Bangladesh; Diarrhea; Rural; Typhoidal Salmonella; Urban
16.  Cost-effectiveness analysis of vaccinating children in Malawi with RTS,S vaccines in comparison with long-lasting insecticide-treated nets 
Malaria Journal  2014;13:66.
New RTS,S malaria vaccines may soon be licensed, yet its cost-effectiveness is unknown. Before the widespread introduction of RTS,S vaccines, cost-effectiveness studies are needed to help inform governments in resource-poor settings about how best to prioritize between the new vaccine and existing malaria interventions.
A Markov model simulated malaria progression in a hypothetical Malawian birth cohort. Parameters were based on published data. Three strategies were compared: no intervention, vaccination at one year, and long-lasting, insecticide-treated nets (LLINs) at birth. Both health service and societal perspectives were explored. Health outcomes were measured in disability-adjusted life years (DALYs) averted and costed in 2012 US$. Incremental cost-effectiveness ratios (ICERs) were calculated and extensive sensitivity analyses were conducted. Three times GDP per capita ($1,095) per DALY averted was used for a cost-effectiveness threshold, whilst one times GDP ($365) was considered ‘very cost-effective’.
From a societal perspective the vaccine strategy was dominant. It averted 0.11 more DALYs than LLINs and 0.372 more DALYs than the no intervention strategy per person, while costing $10.04 less than LLINs and $59.74 less than no intervention. From a health service perspective the vaccine’s ICER was $145.03 per DALY averted, and thus can be considered very cost-effective. The results were robust to changes in all variables except the vaccine and LLINs’ duration of efficacy. Vaccines remained cost-effective even at the lowest assumed efficacy levels of 49.6% (mild malaria) and 14.2% (severe malaria), and the highest price of $15. However, from a societal perspective, if the vaccine duration efficacy was set below 2.69 years or the LLIN duration of efficacy was greater than 4.24 years then LLINs became the more cost-effective strategy.
The results showed that vaccinating Malawian children with RTS,S vaccines was very cost-effective from both a societal and a health service perspective. This result was robust to changes in most variables, including vaccine price and vaccine efficacy, but was sensitive to the duration of efficacy of the vaccine and LLINs. Given the best evidence currently available, vaccines can be considered as a very cost-effective component of Malawi’s future malaria control programmes. However, long-term follow-up studies on both interventions are needed.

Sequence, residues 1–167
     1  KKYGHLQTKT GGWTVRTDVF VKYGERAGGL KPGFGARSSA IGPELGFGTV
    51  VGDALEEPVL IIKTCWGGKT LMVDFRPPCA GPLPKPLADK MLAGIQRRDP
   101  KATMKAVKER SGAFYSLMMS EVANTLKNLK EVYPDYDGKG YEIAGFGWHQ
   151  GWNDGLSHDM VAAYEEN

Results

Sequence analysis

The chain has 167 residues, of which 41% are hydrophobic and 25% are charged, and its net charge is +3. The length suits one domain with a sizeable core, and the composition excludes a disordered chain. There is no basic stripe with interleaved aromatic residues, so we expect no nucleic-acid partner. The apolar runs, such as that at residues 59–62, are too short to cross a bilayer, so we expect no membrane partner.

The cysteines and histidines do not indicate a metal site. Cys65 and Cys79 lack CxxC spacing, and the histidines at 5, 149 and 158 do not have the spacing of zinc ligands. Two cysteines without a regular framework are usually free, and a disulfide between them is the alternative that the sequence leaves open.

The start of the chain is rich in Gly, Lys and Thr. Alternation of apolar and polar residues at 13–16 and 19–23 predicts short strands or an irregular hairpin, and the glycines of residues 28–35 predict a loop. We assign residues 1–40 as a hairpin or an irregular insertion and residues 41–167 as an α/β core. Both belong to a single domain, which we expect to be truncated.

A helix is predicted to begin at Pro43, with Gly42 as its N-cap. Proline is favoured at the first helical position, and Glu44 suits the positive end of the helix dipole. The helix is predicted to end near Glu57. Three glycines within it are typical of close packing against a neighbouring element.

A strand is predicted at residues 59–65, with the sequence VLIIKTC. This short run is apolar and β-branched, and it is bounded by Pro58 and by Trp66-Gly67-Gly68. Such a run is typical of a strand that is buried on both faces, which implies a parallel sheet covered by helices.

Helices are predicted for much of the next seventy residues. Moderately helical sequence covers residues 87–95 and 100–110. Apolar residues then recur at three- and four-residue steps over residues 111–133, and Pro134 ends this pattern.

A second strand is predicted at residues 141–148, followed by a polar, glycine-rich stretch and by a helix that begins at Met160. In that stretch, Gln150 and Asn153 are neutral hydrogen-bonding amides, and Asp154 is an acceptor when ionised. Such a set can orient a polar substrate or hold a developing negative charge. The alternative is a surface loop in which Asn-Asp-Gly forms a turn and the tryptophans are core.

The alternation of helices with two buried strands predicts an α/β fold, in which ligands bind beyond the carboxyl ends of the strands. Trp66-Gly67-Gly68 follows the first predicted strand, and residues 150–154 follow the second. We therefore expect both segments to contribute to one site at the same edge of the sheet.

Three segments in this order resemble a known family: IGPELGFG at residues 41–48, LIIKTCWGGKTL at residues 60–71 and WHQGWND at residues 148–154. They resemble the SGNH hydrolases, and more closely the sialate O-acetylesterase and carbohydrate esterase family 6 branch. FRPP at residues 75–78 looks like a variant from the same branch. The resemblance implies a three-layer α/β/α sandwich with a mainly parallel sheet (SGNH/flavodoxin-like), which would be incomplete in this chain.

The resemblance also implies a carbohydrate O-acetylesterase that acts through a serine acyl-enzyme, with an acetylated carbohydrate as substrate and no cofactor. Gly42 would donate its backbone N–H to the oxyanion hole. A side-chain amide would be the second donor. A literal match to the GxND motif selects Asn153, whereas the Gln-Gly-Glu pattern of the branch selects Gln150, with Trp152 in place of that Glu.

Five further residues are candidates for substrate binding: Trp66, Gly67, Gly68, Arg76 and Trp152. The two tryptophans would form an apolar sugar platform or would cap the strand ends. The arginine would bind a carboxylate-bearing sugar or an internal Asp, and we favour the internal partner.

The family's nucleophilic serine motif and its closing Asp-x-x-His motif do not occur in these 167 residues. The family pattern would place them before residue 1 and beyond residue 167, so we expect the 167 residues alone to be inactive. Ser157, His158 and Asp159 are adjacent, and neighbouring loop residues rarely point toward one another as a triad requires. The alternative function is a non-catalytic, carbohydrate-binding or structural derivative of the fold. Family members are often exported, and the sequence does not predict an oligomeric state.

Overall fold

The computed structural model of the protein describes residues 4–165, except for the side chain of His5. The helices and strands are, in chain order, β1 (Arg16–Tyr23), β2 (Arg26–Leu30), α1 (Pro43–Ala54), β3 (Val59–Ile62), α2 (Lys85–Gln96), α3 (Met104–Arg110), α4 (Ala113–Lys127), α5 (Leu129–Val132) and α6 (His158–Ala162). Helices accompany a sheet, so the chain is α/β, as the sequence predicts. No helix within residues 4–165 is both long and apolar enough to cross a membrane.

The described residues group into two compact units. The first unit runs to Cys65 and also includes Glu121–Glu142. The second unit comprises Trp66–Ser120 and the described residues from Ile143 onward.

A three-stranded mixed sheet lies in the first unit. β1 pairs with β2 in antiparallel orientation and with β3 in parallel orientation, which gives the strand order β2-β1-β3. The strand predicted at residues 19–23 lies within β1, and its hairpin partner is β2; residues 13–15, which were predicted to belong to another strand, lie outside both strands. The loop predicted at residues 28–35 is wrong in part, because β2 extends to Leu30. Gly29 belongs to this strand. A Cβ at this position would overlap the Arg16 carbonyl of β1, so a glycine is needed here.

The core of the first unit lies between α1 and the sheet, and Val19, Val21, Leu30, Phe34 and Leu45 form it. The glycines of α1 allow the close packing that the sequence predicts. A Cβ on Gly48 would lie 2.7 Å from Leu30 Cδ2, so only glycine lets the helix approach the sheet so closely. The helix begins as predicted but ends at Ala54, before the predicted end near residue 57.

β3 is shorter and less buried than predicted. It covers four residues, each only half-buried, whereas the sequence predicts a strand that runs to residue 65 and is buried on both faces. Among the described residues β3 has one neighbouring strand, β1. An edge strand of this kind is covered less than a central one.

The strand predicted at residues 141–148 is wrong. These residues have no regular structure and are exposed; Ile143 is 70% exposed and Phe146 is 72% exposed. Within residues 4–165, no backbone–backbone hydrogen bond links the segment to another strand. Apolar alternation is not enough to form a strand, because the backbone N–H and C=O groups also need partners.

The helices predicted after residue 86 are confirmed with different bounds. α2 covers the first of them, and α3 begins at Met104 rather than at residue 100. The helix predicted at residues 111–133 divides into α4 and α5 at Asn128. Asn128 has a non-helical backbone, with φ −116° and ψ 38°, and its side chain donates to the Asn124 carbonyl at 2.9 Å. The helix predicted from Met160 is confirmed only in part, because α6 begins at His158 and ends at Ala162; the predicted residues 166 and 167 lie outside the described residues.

PMCID: PMC4016032  PMID: 24564883
RTS,S vaccine; Malaria vaccine; Cost-effectiveness analysis; Long-lasting insecticide-treated net; Bed net; Malawi; Malaria
17.  Concurrent and Simultaneous Polydrug Use: Latent Class Analysis of an Australian Nationally Representative Sample of Young Adults 
Background: Alcohol use and illicit drug use peak during young adulthood (around 18–29 years of age), but comparatively little is known about polydrug use in nationally representative samples of young adults. Drawing on a nationally representative cross-sectional survey (Australian National Drug Strategy Household Survey), this study examines polydrug use patterns and associated psychosocial risk factors among young adults (n = 3,333; age 19–29).
Method: The use of a broad range of licit and illicit drugs were examined, including alcohol, tobacco, cannabis, cocaine, hallucinogens, ecstasy, ketamine, GHB, inhalants, steroids, barbiturates, meth/amphetamines, heroin, methadone/buprenorphine, other opiates, painkillers, and tranquilizers/sleeping pills. Latent class analysis was employed to identify patterns of polydrug use.
Results: Polydrug use in this sample was best described using a 5-class solution. The majority of young adults predominantly used alcohol only (52.3%), alcohol and tobacco (34.18%). The other classes were cannabis, ecstasy, and licit drug use (9.4%), cannabis, amphetamine derivative, and licit drug use (2.8%), and sedative and alcohol use (1.3%). Young adult males with low education and/or high income were most at risk of polydrug use.
Conclusion: Almost half of young adults reported polydrug use, highlighting the importance of post-high school screening for key risk factors and polydrug use profiles, and the delivery of early intervention strategies targeting illicit drugs.
PMCID: PMC3860005  PMID: 24350230
young adults; polydrug use; latent class analysis; cluster; risk and protective factors; simultaneous
18.  Histopathologic Evaluation of Patent Ductus Arteriosus Stents After Hybrid Stage I Palliation 
Pediatric cardiology  2011;32(4):10.1007/s00246-010-9870-y.